Prague, Jan 25 (CTK) – The problematic smart card project Opencard, operated by a private firm and used by people to pay for public transport in the city, will be replaced by a new system that is administered exclusively by municipal bodies, Prague Mayor Adriana Krnacova (ANO) told journalists yesterday.
She said the Opencard was overpriced, obsolete and useless.
Krnacova declared last year that Opencard would end within two years. The Prague City Hall will start issuing the new cards in February and the system will be launched fully in summer.
At present, the new system is being tested.
Opencard is an electronic card Praguers can use as a public transport pass. Introduced a few years ago, it has cost the city minimally 1.75 billion crowns. The project includes a number of controversial contracts that the city has been laboriously but so far unsuccessfully trying to eliminate for a long time.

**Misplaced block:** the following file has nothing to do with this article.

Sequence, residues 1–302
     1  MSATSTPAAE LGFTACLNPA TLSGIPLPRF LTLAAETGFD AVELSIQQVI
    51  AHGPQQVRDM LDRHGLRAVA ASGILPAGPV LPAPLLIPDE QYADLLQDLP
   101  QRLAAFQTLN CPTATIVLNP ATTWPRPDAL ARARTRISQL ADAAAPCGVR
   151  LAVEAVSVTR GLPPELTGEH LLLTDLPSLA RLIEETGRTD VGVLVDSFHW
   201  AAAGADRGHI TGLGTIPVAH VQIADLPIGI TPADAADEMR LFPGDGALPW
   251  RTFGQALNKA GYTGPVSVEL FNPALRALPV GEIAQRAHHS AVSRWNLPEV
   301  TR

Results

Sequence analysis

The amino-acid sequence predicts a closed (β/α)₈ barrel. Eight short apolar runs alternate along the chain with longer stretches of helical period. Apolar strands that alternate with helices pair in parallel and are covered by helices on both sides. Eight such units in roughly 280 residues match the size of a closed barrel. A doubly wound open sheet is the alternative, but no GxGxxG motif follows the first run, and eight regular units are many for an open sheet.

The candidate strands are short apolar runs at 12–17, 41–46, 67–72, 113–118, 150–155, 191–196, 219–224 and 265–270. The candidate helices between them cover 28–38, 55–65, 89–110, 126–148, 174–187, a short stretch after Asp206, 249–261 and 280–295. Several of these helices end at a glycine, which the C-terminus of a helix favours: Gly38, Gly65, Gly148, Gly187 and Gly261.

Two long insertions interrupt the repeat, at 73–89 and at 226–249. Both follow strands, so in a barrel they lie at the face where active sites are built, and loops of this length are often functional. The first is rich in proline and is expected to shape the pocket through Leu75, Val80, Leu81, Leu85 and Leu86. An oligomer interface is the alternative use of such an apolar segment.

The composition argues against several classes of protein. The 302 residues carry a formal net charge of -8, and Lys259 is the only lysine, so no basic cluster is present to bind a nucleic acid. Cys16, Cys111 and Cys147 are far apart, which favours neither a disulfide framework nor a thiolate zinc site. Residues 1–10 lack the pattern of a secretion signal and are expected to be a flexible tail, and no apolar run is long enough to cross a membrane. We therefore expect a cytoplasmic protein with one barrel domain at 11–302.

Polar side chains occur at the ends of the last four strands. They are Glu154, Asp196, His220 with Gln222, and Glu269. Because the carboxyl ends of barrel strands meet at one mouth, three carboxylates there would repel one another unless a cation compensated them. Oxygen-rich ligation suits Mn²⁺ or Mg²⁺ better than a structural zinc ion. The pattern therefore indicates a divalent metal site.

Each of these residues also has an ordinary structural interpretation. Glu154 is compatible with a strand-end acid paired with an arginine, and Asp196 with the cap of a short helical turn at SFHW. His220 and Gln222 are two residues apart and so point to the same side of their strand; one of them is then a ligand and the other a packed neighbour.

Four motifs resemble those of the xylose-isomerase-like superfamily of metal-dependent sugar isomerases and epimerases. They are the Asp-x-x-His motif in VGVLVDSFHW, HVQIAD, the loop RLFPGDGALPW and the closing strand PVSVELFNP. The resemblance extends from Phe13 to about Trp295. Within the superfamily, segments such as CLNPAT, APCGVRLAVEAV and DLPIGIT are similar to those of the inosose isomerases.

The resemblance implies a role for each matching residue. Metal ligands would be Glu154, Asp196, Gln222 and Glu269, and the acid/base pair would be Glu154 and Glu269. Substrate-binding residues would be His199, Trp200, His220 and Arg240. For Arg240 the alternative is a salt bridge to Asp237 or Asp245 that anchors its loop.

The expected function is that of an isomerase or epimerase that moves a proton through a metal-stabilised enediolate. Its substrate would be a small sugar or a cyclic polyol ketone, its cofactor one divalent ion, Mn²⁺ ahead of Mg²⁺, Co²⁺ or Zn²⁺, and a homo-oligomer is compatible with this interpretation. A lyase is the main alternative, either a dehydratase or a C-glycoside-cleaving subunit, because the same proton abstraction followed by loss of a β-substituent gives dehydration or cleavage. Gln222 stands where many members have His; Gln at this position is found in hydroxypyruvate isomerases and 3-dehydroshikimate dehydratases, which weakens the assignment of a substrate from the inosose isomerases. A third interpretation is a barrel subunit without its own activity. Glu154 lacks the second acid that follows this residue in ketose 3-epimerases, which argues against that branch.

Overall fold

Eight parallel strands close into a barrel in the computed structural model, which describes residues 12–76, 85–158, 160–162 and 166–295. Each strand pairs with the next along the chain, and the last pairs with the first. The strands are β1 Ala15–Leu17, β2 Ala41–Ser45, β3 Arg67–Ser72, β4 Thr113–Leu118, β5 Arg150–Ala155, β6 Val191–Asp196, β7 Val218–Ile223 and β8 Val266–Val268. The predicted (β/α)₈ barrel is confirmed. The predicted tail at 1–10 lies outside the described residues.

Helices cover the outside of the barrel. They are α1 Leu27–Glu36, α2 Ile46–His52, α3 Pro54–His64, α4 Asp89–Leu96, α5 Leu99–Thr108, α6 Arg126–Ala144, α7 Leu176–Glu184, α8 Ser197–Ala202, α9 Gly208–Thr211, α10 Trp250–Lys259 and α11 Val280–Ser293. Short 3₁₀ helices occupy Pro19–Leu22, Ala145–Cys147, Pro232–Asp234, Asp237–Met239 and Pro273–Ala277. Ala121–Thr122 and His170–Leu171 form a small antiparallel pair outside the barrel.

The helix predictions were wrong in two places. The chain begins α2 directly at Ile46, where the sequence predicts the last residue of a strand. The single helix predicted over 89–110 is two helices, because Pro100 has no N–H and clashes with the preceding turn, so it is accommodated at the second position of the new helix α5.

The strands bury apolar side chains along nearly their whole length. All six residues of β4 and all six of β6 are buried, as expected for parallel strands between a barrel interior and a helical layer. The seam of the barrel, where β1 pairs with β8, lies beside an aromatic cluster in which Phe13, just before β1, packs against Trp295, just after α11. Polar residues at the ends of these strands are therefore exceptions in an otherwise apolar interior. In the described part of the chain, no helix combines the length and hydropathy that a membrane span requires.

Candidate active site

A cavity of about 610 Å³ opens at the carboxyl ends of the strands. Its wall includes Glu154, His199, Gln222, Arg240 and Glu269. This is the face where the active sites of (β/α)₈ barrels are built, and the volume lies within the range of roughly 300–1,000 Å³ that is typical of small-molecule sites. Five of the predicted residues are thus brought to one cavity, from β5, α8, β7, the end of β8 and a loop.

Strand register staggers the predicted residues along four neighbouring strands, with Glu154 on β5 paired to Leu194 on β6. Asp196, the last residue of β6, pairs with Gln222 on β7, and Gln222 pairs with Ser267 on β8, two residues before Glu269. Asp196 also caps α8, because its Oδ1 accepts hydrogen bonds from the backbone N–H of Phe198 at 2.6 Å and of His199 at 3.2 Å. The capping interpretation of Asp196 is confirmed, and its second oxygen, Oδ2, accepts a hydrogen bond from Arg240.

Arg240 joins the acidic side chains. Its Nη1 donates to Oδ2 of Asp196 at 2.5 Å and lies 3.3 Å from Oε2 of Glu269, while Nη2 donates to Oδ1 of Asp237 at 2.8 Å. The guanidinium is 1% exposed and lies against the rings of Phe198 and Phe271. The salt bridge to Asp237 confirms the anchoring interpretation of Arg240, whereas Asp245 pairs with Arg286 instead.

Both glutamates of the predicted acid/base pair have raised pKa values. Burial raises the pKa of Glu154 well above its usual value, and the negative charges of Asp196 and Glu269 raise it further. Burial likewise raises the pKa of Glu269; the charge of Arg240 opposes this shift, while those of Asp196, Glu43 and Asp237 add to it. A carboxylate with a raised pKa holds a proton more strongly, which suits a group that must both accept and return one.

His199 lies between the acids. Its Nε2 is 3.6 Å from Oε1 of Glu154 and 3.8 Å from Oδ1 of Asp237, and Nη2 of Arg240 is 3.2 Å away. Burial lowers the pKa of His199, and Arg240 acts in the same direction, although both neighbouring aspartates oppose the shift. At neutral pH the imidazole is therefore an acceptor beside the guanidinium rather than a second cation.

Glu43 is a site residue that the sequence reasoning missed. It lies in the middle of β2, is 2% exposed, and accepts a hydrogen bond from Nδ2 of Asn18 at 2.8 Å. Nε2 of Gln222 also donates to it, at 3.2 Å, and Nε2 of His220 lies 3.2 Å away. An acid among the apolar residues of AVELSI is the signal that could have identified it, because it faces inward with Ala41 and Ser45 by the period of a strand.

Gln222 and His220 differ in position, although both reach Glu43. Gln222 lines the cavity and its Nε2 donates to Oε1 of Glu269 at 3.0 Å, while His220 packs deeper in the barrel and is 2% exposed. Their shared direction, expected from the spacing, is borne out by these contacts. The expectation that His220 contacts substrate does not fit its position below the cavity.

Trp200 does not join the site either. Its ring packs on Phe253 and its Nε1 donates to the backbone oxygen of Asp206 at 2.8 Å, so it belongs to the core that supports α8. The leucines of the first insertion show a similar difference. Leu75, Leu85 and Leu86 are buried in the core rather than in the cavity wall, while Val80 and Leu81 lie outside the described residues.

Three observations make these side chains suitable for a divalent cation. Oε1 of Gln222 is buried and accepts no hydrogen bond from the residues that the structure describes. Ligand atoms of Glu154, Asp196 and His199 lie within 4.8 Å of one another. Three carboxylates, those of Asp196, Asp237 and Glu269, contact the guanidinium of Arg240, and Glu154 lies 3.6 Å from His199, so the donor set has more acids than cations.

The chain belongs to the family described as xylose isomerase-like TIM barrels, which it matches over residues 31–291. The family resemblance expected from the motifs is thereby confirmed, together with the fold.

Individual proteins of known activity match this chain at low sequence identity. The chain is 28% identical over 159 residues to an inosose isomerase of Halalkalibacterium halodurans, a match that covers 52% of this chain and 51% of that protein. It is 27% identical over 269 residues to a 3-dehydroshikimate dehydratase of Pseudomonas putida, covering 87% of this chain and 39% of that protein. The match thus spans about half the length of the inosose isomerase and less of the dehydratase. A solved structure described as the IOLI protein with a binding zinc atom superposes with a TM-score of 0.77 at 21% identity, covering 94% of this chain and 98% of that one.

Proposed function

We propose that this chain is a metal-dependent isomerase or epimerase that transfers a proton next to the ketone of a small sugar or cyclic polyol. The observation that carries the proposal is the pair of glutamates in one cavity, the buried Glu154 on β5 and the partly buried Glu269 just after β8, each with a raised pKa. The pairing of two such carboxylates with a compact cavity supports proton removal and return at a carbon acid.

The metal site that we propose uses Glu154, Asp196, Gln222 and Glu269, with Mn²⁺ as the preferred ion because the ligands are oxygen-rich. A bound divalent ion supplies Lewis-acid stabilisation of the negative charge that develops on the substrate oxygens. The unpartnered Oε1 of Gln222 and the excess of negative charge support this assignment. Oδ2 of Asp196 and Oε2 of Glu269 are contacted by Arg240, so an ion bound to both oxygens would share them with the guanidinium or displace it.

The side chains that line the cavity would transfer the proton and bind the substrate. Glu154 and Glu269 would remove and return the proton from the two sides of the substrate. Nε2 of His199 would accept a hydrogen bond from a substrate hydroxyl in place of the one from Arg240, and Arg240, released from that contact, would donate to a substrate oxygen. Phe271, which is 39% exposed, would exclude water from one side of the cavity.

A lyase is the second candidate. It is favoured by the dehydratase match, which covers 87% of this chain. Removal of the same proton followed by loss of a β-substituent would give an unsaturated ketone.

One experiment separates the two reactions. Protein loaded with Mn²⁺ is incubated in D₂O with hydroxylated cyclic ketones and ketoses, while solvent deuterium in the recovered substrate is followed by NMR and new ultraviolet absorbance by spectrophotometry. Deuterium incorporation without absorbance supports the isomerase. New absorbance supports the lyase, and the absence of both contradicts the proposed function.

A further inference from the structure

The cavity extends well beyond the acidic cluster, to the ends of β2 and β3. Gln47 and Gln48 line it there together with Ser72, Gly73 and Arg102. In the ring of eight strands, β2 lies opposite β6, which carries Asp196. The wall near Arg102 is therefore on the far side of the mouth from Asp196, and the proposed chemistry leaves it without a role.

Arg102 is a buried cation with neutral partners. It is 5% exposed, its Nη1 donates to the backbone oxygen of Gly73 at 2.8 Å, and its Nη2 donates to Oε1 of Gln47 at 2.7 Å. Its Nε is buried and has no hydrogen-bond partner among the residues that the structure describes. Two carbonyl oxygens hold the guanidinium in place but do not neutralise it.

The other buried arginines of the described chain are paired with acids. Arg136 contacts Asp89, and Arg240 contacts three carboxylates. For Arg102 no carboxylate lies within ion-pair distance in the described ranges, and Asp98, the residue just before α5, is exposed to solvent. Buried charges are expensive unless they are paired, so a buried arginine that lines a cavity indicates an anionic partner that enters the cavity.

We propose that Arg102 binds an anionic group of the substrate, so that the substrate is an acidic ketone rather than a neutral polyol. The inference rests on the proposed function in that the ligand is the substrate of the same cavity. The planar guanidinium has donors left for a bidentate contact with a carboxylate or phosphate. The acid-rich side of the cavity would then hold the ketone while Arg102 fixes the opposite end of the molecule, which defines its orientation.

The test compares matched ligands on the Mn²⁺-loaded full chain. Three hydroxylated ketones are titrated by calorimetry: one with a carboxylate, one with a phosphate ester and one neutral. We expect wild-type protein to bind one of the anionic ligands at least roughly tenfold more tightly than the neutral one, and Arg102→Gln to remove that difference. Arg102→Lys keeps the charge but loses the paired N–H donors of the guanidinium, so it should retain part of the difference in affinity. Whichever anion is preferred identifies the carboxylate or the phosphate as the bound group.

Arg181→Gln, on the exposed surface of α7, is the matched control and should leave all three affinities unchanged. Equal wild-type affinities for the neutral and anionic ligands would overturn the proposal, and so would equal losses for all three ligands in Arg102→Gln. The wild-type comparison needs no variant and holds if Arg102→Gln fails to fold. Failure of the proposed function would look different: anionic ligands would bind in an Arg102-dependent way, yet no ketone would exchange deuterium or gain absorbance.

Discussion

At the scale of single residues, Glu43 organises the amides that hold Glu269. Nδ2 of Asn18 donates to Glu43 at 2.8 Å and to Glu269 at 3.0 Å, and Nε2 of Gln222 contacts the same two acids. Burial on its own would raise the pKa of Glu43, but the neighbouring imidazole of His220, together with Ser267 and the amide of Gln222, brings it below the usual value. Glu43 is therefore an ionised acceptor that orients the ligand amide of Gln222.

The copyright for the card is owned by the eMoneyServices company, which claims that the city owes more than 600 millions crowns to it. The eMoneyServices is a successor to Haguess, with which the City Hall signed the original contracts.
The project was launched in the late 2000s when the Civic Democrats (ODS) dominated the City Hall and Pavel Bem was Prague mayor.
Experts and commentators have called the project clearly overpriced. They also voiced embarrassment at the prosecution targeting subordinate officials, with Bem and other former Prague councillors figuring only as witnesses in the court proceedings.
Krnacova said yesterday the costs of the new project operated by a municipal firm, Operator ICT, would not exceed 10 million crowns.
She said the change would not cause any problems to those using the public transport in the city.
“This is one of the important steps that will gradually lead to the solution of the problem with Opencard,” Krnacova said.